Kawada and others3,4 reported that mosquitoes were affected by airborne metofluthrin vapors and not by direct contact with the chemical, thereby resulting in the spatial repellency. The spatial repellency is considered to occur through two main modes of pyrethroid action; that is, knockdown activity and biting inhibition or disruption of orientation toward the host. Among these, the latter may be categorized as a sublethal effect that results from neural excitement, which appears to occur at an earlier stage of toxication or with a dosage that is lower than that required for knockdown or death.9 Winney10 reported that female Ae. aegypti exposed for a few minutes to the smoke of a pyrethroid-based mosquito coil did not bite. MacIver8 defined the “repellency” associated with pyrethroids as a reaction of mosquitoes at the threshold level when the neural activation and knockdown occur resulting in the loss of power to orient toward their hosts. Similarly, the spatial repellency of metofluthrin-impregnated paper strips is considered to be caused by the disruption of the orientation activity of mosquitoes. Using metofluthrin-impregnated plastic strips in indoor conditions, we could confirm the long-lasting spatial repellent efficacy of metofluthrin against mosquitoes. However, the effective duration (6 weeks) observed in the current result is considered to be insufficient for the practical application of the devices with regard to treatment cost. Long-term effectiveness might be achieved by further formulation studies, such as investigation for the optimum density of plastic polymer, to optimize the release rate of the active ingredient. Further improvements in methods for manufacturing plastic will enable the formulation of a more optimum recipe that results in a longer effective duration.

Figure 1.
Figure 1.

Metofluthrin-impregnated polyethylene plastic strip used in the study.

Citation: The American Journal of Tropical Medicine and Hygiene Am J Trop Med Hyg 73, 2; 10.4269/ajtmh.2005.73.350

Figure 2.
Figure 2.

Treatment with a metofluthrin-impregnated plastic strip in a room, Do Son.

Citation: The American Journal of Tropical Medicine and Hygiene Am J Trop Med Hyg 73, 2; 10.4269/ajtmh.2005.73.350

Figure 3.
Figure 3.

Changes in the number of mosquitoes collected in metofluthrin-treated and untreated houses. A, General density index based on the total number of mosquitoes collected. B, Ae. aegypti index. C, Cx. quinquefasciatus index. Bars indicate 95% confidence limits.

Citation: The American Journal of Tropical Medicine and Hygiene Am J Trop Med Hyg 73, 2; 10.4269/ajtmh.2005.73.350

*

Address correspondence to Hitoshi Kawada, Department of Vector Ecology and Environment, Institute of Tropical Medicine, Nagasaki University, Sakamoto 1-12-4, Nagasaki 852-8523, Japan. E-mail: vergiss@net.nagasaki-u.ac.jp

Authors’ addresses: Hitoshi Kawada and Masahiro Takagi, Department of Vector Ecology and Environment, Institute of Tropical Medicine, Nagasaki University, Nagasaki 852-8523, Japan. Nguyen Thi Yen and Nguyen Thuy Hoa, National Institute of Hygiene and Epidemiology, Hanoi, Vietnam. Truong Minh Sang, Hai Phong Preventive Medicine Center, Hai Phong, Vietnam. Nguyen Van Dan, Do Son Health Center, Hai Phong, Vietnam.

Acknowledgments: We express our deep gratitude to T. Igarashi, Sumika LifeTech Co., Ltd., Osaka, Japan, for providing the plastic samples. We also thank H. T. Long, the Director of the National Institute of Hygiene and Epidemiology, Hanoi, Vietnam, for supervising this study.

Financial support: This study is supported and sponsored by the Japan Society for the Promotion of Science (JSPS).

REFERENCES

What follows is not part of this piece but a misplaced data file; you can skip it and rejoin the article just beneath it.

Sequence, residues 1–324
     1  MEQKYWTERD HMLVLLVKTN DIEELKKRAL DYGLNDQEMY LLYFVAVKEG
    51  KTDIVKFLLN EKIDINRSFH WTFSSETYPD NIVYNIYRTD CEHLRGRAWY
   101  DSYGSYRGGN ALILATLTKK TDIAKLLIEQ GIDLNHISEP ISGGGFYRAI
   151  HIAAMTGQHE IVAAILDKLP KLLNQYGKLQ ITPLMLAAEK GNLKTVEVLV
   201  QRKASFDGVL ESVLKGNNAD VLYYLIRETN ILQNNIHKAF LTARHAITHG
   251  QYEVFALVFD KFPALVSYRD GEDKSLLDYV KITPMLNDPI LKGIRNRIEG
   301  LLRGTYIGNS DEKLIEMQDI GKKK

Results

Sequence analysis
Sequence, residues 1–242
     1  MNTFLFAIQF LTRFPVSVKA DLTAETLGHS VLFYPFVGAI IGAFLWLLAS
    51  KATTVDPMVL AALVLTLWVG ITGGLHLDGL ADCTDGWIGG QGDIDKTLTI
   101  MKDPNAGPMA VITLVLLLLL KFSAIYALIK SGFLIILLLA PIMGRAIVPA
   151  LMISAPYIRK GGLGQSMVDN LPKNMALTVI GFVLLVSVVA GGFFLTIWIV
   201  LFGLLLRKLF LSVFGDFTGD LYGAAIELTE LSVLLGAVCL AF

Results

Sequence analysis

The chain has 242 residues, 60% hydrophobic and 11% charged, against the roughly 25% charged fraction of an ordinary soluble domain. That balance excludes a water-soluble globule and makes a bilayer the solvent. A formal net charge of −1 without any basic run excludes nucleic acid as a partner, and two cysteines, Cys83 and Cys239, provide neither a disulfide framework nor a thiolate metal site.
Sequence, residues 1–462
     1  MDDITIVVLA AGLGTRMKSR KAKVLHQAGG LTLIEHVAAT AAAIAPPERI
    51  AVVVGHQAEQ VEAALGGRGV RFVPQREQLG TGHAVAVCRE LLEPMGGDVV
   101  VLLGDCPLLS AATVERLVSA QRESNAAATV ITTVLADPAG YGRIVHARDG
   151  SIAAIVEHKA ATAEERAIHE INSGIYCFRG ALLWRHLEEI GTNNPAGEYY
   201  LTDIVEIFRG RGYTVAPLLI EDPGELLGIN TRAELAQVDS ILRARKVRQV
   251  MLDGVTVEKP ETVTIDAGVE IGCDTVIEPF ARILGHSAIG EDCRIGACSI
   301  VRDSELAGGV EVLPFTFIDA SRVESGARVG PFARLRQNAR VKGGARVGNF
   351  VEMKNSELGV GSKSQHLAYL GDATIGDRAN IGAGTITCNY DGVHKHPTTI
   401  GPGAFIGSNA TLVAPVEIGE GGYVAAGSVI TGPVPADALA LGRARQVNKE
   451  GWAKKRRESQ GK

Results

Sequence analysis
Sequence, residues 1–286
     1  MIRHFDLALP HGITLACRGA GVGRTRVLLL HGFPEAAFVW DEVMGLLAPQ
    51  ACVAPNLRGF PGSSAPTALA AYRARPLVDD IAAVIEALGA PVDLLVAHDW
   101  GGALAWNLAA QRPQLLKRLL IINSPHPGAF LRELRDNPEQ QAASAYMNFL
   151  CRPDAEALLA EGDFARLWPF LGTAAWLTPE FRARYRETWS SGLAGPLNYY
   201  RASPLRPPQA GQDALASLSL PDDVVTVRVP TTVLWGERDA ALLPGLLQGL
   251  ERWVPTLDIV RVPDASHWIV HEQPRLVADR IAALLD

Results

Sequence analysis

• 1

    Ujihara K, Mori T, Iwasaki T, Sugano M, Shono Y, Matsuo N, 2004. Metofluthrin: a potent new synthetic pyrethroid with high vapor activity against mosquitoes. Biosci Biotechnol Biochem 68 :170–174.

    • Search Google Scholar
    • Export Citation
  • 2

    Shono Y, Kubota S, Sugano M, Yap HH, Tsushima K, 2004. Field evaluation of papers strip and mosquito coil formulation impregnated metofluthrin for mosquito control in Malaysia. The Abstract Book, 70th Annual Meeting of American Mosquito Control Association, 2004 February 21–26; Savannah, GA. Eatontown, NJ: American Mosquito Control Association. P40.

  • 3

    Kawada H, Maekawa Y, Tsuda Y, Takagi M, 2004. Laboratory and field evaluation of spatial repellency with metofluthrin-impregnated paper strip against mosquitoes in Lombok Island, Indonesia. J Am Mosq Control Assoc 20 :292–298.

    • Search Google Scholar
    • Export Citation
  • 4

    Kawada H, Maekawa Y, Tsuda Y, Takagi M, 2004. Trial of spatial repellency of metofluthrin-impregnated paper strip against Anopheles and Culex in shelters without walls in Lombok, Indonesia. J Am Mosq Control Assoc 20 :434–437.

    • Search Google Scholar
    • Export Citation
  • 5

    Kawada H, Maekawa Y, Takagi M, 2005. Field trial of the spatial repellency of metofluthrin-impregnated plastic strip against mosquitoes in shelters without walls (Beruga) in Lombok, Indonesia. J Vector Ecol.

  • 6

    Arugueta TBO, Kawada H, Sugano M, Kubota S, Shono Y, Tsushima K, Takagi M, 2004. Comparative insecticidal efficacy of a new pyrethroid, metofluthrin, against colonies of Asian Culex quinquefasciatus and Culex pipiens pallens.Med Entomol Zool 55 :289–294.

    • Search Google Scholar
    • Export Citation
  • 7

    Shinjo G, Yamaguchi T, Tsuda S, Yoshida K, Okuno Y, 1981. A study on the insecticidal activity of d-tetramethrin. Jpn J Sanit Zool 32 :221–228.

    • Search Google Scholar
    • Export Citation
  • 8

    MacIver DR, 1964. Mosquito coils Part II. Studies on the action of mosquito coil smoke on mosquitoes. Pyrethrum Post 7 :7–14.

  • 9

    Birley MH, Mutero CM, Turner IF, Chadwick PR, 1987. The effectiveness of mosquito coils containing esbiothrin under laboratory and field conditions. Ann Trop Med Parasito. 81 :163–171.

    • Search Google Scholar
    • Export Citation
  • 10

    Winney R, 1975. Pyrethrins and pyrethroids in coils–a review. Pyrethrum Post 13 :17–22.

Author Notes

Reprint requests: Hitoshi Kawada, Department of Vector Ecology and Environment, Institute of Tropical Medicine, Nagasaki University, Sakamoto 1-12-4, Nagasaki, 852-8523, Japan, E-mail: vergiss@net.nagaski-u.ac.jp.